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Case Laws on Cognizance of the Offence:-

1. S.R. Sukumar Vs. S. Sunaad Raghuram, (2015) 42 SCD 746

“Cognizance of offence” means taking notice of the accusations and applying the judicial mind to the contents of the complaint and the material filed therewith. It is neither practicable nor desirable to define as to what is meant by taking cognizance. Whether the Magistrate has taken cognizance of the offence or not will depend upon facts and circumstances of the particular case.

2. Narsingh Das Tapadia vs. Goverdhan Das Partani, AIR 2000 SC 2946

It was held that the mere presentation of a complaint cannot be held to mean that the Magistrate has taken the cognizance.

3. Subramanian Swamy vs. Manmohan Singh, (2012) 3 SCC 64

Apex Court explained the meaning of the word ‘cognizance’ holding that “…In legal parlance cognizance is taking judicial notice by the court of law, possessing jurisdiction, on a cause or matter presented before it so as to decide whether there is any basis for initiating proceedings and determination of the cause or matter judicially”.

4. S.K. Sinha, Chief Enforcement Officer vs. Videocon International Ltd., (2008) 2 SCC 492

Considering the scope of expression “cognizance” it was held as under:- “The expression “cognizance” has not been defined in the Code. But the word (cognizance) is of indefinite import. It has no esoteric or mystic significance in criminal law. It merely means “become aware of” and when used with reference to a court or a Judge, it connotes “to take notice of judicially”. It indicates the point when a court or a Magistrate takes judicial notice of an offence with a view to initiating proceedings in respect of such offence said to have been committed by someone.”

5. R.R. Chari vs. State of Uttar Pradesh, 1951 SCR 312

A three Judge Bench of Supreme Court while considering what the phrase ‘taking cognizance’ mean, approved the decision of Calcutta High Court in Superintendent and Remembrancer of Legal Affairs, West Bengal vs. Abani Kumar Banerjee, AIR 1950 Cal. 437 wherein

it was observed that:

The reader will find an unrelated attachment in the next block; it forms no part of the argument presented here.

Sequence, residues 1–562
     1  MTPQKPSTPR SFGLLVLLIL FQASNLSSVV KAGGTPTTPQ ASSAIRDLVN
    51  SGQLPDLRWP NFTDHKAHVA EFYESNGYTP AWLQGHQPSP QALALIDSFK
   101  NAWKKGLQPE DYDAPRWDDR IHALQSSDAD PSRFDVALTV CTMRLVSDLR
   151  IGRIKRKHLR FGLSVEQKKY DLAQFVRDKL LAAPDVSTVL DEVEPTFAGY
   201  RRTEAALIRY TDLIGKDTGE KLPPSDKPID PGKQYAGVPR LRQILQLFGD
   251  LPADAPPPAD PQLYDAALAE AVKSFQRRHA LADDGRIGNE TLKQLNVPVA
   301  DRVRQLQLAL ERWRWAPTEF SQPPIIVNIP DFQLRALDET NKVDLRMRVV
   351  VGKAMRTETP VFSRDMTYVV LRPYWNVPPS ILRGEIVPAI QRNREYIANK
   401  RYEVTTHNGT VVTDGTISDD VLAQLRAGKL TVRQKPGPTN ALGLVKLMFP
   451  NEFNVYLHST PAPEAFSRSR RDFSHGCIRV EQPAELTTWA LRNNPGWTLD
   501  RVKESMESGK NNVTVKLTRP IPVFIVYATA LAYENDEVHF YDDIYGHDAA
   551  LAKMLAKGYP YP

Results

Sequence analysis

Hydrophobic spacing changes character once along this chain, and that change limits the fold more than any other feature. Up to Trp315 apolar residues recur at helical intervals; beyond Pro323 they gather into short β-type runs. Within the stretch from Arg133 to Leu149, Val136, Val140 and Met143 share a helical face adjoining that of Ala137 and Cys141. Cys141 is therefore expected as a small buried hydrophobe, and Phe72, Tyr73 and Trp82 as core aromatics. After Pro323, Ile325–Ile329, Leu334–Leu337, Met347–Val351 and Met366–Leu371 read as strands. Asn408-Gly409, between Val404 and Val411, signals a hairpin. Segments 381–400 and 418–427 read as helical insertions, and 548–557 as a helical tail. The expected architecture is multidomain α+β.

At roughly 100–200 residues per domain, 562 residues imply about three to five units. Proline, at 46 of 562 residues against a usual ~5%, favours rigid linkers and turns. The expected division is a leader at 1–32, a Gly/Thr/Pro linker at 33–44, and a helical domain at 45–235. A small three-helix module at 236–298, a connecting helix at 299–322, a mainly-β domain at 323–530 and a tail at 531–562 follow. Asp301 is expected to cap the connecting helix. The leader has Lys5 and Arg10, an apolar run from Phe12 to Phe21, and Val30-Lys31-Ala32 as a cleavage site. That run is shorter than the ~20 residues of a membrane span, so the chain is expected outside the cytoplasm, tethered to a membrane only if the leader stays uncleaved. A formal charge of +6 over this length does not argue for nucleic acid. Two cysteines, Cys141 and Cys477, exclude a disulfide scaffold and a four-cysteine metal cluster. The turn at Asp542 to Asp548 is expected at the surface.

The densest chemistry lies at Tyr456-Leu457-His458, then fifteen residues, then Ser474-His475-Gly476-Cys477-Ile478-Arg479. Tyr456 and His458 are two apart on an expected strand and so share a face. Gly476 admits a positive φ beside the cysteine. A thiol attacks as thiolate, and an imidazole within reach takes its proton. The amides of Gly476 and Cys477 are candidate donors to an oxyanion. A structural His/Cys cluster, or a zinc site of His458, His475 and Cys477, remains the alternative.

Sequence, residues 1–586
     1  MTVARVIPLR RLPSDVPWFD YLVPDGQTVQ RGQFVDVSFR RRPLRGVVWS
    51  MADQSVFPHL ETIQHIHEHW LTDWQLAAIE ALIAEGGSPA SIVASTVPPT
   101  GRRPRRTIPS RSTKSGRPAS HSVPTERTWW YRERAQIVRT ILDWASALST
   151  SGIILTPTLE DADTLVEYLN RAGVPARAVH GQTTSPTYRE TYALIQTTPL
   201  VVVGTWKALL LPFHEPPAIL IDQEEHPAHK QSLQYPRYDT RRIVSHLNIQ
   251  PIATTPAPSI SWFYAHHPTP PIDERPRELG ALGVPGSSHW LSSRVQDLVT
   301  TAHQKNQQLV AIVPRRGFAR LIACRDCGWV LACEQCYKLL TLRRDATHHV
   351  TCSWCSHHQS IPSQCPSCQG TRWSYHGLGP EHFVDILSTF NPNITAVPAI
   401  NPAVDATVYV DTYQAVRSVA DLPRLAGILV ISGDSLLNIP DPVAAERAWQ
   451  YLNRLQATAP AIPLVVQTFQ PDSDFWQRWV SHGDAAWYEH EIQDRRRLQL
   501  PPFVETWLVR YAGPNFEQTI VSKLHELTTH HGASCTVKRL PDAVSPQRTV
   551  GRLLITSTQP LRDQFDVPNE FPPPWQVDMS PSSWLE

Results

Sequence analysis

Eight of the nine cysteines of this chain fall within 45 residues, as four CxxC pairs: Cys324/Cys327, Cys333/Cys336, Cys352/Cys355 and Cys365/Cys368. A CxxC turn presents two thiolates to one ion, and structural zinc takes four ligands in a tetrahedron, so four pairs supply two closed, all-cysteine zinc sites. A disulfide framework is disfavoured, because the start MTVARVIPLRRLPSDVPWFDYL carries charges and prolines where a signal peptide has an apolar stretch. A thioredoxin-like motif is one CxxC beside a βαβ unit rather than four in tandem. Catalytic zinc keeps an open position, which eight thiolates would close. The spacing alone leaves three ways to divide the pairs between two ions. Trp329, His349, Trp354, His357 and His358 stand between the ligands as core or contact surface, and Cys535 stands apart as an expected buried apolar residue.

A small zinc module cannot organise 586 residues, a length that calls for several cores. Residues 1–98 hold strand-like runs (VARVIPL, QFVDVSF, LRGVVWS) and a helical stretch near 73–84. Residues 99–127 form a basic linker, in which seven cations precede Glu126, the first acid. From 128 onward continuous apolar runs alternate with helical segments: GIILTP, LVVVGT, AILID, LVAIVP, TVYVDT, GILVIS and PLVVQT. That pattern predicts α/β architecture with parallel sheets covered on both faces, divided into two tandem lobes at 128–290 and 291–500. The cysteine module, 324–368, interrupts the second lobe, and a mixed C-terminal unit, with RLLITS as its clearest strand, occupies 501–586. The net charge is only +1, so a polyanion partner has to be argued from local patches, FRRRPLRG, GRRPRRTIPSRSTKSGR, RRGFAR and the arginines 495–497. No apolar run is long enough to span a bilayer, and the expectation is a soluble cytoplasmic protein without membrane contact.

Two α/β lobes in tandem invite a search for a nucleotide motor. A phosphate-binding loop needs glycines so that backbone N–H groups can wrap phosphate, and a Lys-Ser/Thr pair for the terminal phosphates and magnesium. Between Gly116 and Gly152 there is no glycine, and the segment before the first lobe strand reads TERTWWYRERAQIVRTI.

“…What is “taking cognizance” has not been defined in the Criminal Procedure Code and I have no desire now to attempt to define it. It seems to me clear, however, that before it can be said that any Magistrate has taken cognizance of any offence under S.190(1)(a), Criminal P.C., he must not only have applied his mind to the contents of the petition, but he must have done so for the purpose of proceeding in a particular way as indicated in the subsequent provisions of this Chapter,– proceeding under S. 200, and thereafter sending it for enquiry and report under S. 202. When the Magistrate applies his mind not for the purpose of proceeding under the subsequent sections of this Chapter, but for taking action of some other kind, e.g., ordering investigation under Section 156(3), or issuing asearch warrant for the purpose of the investigation, he cannot be said to have taken cognizance of the offence…”

6. Jamuna Singh vs. Bhadai Sah, (1964) 5 SCR 37

When on a petition of complaint being filed before him a Magistrate applies his mind for proceeding under the various provisions of Chapter XVI of the Code of Criminal Procedure, he must be held to have taken cognizance of the offences mentioned in the complaint. When however he applies his mind not for such purpose but for purposes of ordering investigation under s. 156(3) or issues a search warrant for the purpose of investigation he cannot be said to have taken cognizance of any offence.

7. Nirmaljit Singh Hoon vs. State of West Bengal, (1973) 3 SCC 753